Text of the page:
You, like us, wouldn’t have pursued a military career unless you were idealistic and devoted to our nation and its people. (None of us does it for the pay and working conditions.) But you may not see how you can influence these events. We in the military have always had a historic subservience to civilian authority.

Our oath of office is to “protect and defend the Constitution of the United States against all enemies, foreign and domestic.” This includes a rogue president and vice president. Certainly we are bound to carry out the legal orders of our superiors. But the Uniform Code of Military Justice (UCMJ) which binds all of us enshrines the Nuremberg Principles which this country established after World War II (which you are too young to remember).

One of those Nuremberg Principles says that we in the military have not only the right, but also the duty, to refuse an illegal order. It was on this basis that we executed Nazi officers who were “only carrying out their orders.”

The Constitution that we are sworn to uphold says that treaties entered into by the United States are the “highest law of the land,” equivalent to the Constitution itself. Accordingly, we in the military are sworn to uphold treaty law, including the United Nations Charter and the Geneva Conventions.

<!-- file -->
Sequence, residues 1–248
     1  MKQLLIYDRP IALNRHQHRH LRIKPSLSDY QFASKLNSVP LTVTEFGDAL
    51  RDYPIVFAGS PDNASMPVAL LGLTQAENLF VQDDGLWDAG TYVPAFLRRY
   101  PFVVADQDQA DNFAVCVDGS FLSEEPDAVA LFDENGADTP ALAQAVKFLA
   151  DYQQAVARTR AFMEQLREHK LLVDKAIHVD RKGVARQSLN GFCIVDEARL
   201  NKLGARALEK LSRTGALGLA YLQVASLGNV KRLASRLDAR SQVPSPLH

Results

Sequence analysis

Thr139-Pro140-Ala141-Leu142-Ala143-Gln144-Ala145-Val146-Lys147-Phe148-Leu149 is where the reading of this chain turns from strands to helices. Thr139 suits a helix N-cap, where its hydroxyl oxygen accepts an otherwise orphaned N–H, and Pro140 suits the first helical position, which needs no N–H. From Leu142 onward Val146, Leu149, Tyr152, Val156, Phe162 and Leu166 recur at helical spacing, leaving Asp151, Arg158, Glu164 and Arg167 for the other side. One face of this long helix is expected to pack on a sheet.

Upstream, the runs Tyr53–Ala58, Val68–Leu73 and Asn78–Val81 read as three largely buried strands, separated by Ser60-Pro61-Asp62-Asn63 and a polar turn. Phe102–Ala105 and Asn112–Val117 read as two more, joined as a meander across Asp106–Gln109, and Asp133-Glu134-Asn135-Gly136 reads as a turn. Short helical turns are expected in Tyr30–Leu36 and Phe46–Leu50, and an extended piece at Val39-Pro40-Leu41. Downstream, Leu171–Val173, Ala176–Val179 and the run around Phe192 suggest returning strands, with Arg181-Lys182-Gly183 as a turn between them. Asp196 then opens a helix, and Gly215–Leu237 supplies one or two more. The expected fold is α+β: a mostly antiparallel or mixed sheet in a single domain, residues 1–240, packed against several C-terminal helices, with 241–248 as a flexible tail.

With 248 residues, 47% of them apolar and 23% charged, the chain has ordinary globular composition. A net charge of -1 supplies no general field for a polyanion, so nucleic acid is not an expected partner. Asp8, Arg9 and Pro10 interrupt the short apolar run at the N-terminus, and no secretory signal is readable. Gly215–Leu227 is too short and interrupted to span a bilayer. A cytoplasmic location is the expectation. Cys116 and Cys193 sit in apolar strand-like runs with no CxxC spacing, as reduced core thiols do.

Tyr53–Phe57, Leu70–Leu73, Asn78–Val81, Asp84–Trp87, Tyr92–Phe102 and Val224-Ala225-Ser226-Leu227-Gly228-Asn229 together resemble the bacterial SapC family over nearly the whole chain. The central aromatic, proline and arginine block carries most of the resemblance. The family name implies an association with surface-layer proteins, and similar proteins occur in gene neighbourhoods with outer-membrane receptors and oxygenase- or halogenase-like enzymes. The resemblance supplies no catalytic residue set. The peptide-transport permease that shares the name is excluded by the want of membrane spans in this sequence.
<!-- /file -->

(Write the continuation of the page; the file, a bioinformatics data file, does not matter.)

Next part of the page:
Based on the above, I contend that should some civilian order you to initiate a nuclear attack on Iran (for example), you are duty-bound to refuse that order. You should consider whether the circumstances demand that you arrest whoever gave the order as a war criminal.

I know for a fact that in recent history (once under Nixon and once under Reagan), the military nuclear chain of command in the White House discussed these things and was prepared to refuse an order to “nuke Russia.”

In effect they took the (non-existent) “button” out of the hands of the president. We were thus never quite as close toWorldWar III as many feared, no matter how irrational any president might have become. They determined that the proper response to any such order was, “Why, sir?” Unless there was (in their words) a “damn good answer,” nothing was going to happen.

If you in this generation have not had such a discussion, it is time you do. In hindsight, it’s too bad such a discussion did not take place prior to the preemptive “shock and awe” attack on Baghdad. Many of us at the time spoke out vehemently that such an attack would be an impeachable offense, a war crime against the people of Iraq and treason against the United States. But our voices never reached the ears of the generals in 2003.

President Bush could be court-martialed for abuse of power as commander-in-chief. Vice President Cheney could probably be court-martialed for his performance as acting commander-in-chief in the White House bunker the morning of Sept. 11, 2001.

We in the military would never consider a military coup, removing an elected president and installing one of our own. But following our oath of office, obeying the Nuremberg Principles and preventing a rogue president from committing a war crime is not a military coup.

If it requires the detention of executive branch officials, we will not impose a military dictatorship. We will let the constitutional succession take place. 

Robert M. Bowman, Ph.D., Lt. Col., USAF, retired
National Commander, The Patriots

(Issue #43, October 22, 2007)